a blog post with an interesting title a couple of weeks ago: "Natural selection reduced diversity on human Y chromosomes." Now I'm sure this is a very interesting article for other reasons, but I'm interested in the title of the article, which talks about "natural selection" "reducing" something in something else.
Natural selection, which is, apparently, some actual thing, is acting on some other thing. This brings up several questions having to do with ontological status of natural selection. What exactly is it? Is it some ghostly force? Is it a mechanism? How can it act on something else? In what way is it a subject that acts on other objects?
And this article title is hardly unique. Many scientists talk this way--in a way that reifies the abstractions they have themselves fashioned.
Now there seem to be two possible views here: First, there is the prescriptive view: that natural selection is a thing--it has some ontological status in the world and that it acts upon other things in the world. Second, and alternatively, there is the descriptive view: natural selection is not a thing in and of itself, but is rather a description of the way the world, in fact, behaves. Another way of putting it is that, under the prescriptive view, natural selection is something in the world, whereas under the descriptive view it is something in the mind of the scientist.
To talk about it in the way this article title does--and in the way many scientists do on many other occasions--assumes the first view. Do these people really believe that natural selection is a thing? Or is this just their careless way of speaking?
I imagine if you corner your scientific friend who speaks in this way, he will finally have to say that it is just a manner of speaking, in which case you can't really say that natural selection does anything.
Maybe, in regard to natural selection, it is just a way of speaking. But there is the same issue in regard to natural laws. Are they real in and of themselves? Do they have some prescriptive force on the things they are said to govern? Or are they simply descriptions constructed to fit a set of facts and events in the world?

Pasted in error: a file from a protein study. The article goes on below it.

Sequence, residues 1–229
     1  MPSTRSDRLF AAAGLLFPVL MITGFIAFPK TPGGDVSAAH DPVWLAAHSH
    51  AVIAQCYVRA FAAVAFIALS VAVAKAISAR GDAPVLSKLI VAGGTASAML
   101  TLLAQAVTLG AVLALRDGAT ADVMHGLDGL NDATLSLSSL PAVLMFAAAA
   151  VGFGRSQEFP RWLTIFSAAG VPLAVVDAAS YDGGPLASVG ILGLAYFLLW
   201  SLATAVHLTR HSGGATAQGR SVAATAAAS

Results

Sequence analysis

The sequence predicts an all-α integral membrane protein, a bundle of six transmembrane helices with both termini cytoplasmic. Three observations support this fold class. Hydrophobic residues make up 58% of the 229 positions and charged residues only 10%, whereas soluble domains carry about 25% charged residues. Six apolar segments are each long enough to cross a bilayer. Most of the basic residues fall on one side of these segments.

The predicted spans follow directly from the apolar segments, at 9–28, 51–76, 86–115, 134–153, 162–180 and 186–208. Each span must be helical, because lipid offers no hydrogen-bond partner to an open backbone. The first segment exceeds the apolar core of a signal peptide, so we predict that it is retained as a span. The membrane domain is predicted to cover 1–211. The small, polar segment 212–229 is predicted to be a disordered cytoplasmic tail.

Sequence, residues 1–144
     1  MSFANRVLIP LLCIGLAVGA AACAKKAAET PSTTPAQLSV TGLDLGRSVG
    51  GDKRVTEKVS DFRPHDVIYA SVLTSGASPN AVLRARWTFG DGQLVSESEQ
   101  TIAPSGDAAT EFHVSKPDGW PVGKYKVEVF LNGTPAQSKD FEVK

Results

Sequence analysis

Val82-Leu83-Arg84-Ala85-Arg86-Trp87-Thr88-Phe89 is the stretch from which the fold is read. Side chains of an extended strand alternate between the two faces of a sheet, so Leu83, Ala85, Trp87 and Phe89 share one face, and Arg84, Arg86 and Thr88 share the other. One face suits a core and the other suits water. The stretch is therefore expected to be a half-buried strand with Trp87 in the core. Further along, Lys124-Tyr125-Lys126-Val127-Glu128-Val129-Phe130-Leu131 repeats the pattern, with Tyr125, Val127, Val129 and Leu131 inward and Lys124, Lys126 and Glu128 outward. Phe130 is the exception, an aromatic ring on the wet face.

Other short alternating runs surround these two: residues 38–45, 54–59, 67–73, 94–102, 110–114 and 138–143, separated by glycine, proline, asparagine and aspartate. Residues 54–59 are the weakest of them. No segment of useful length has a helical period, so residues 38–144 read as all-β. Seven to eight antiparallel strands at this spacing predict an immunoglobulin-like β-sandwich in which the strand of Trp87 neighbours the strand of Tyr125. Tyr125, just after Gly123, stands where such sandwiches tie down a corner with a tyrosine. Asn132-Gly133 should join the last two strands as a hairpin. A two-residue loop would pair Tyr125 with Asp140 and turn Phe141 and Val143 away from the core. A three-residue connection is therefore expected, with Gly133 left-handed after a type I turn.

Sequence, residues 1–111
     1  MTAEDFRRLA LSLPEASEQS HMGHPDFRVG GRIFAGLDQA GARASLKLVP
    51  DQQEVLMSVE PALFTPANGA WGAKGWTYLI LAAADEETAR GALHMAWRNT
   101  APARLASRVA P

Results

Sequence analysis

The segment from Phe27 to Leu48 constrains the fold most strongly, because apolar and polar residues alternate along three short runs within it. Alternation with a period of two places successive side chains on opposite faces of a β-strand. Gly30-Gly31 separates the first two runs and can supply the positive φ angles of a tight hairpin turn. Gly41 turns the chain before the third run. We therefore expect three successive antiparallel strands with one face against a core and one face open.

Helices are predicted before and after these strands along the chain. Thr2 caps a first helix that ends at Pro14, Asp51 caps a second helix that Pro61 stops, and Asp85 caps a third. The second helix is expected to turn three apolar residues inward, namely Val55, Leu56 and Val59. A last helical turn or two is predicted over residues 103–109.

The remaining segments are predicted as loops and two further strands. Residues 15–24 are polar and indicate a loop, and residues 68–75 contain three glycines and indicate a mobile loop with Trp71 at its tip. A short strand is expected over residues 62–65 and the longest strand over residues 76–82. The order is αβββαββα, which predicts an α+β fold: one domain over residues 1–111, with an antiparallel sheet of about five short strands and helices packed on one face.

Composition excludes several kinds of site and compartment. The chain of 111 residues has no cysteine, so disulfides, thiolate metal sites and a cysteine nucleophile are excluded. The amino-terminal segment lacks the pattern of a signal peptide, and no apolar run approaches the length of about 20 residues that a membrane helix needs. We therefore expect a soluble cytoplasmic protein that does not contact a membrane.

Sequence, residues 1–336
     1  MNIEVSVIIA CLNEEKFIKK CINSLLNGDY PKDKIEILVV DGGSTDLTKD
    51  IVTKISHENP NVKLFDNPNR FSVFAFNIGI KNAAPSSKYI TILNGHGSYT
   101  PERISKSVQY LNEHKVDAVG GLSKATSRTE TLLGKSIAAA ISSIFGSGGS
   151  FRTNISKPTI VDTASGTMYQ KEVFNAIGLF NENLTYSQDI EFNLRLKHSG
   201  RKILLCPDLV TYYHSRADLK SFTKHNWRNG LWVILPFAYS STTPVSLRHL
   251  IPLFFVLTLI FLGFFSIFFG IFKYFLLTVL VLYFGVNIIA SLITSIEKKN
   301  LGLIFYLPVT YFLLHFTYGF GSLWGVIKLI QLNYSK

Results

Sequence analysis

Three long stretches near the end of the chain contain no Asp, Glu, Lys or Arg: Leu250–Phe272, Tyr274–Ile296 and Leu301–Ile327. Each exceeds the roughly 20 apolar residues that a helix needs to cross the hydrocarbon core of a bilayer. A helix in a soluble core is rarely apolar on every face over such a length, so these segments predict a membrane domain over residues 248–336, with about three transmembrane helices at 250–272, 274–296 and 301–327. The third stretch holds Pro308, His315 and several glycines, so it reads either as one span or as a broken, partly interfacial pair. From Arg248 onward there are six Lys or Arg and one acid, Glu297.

I don't think it is too much to say that the general public thinks of things like natural selection and the law of, say, gravity, as things having prescriptive force. And it's partly due to the way scientists are always talking. I suspect that in this case there are more scientists who would take the prescriptive view. And this is certainly the way the layman thinks about scientific laws: that they govern things in the world, making them do this and that and prohibiting them from doing that and the other thing.
That is, after all, what laws in the real sense of laws--the things our legislatures pass--do: they govern things. They order this thing to happen and this other thing not to happen. The whole reason for calling regularities in nature laws is to produce this impression that there is something out there that makes things in nature act a particular way.
The prescriptive view of natural law is wholly unscientific. And by that I mean not that it violates any scientific principle (that would be positing a prescriptive law governing prescriptive laws), but that such a view lies outside the very purview of science. If scientists want to claim to be empirical, then they can't possibly believe in the prescriptive view because the prescriptive view is metaphysical. It is what the philosopher David Hume said about causation in general: it can never be arrived at by any empirical method: Nobody has ever seen a natural law. It is a metaphysical postulate that explains the way things happen. But it is wholly non-empirical.
This, in fact, is the whole objection to miracles: that they are claims that there are events that violate natural laws. The objection to miracles assumes the prescriptive view. And yet, I suspect that a number of the atheists out there who are always championing the integrity of science, and who would admit that, from an empirical standpoint, natural laws are merely descriptive, will turn right around and argue against the miraculous on the grounds that miracles violate prescriptive laws.
As Chesterton pointed out in his "Ethics of Elfland," the only way to view the world prescriptively is to view it as the result of prescriptive will. In fact will is the only thing that can really be prescriptive: It is the necessary condition for prescriptiveness. To use the term "law" in the context of science and then to deny that you are using it prescriptively is try to have your scientistic cake and eat it too. It's either careless or dishonest--or, perhaps more likely, thoughtless.
The way atheistic scientists talk is many times at odds with their stated positions. They say on the one hand that they are not engaging in metaphysics, but as soon as they say that, they render much of what they say unintelligible. Their very denials make gibberish of the truths they affirm.
It's one of the great ironies of the whole language of science and natural law (or for that matter natural selection) that it only makes sense from a position of theism.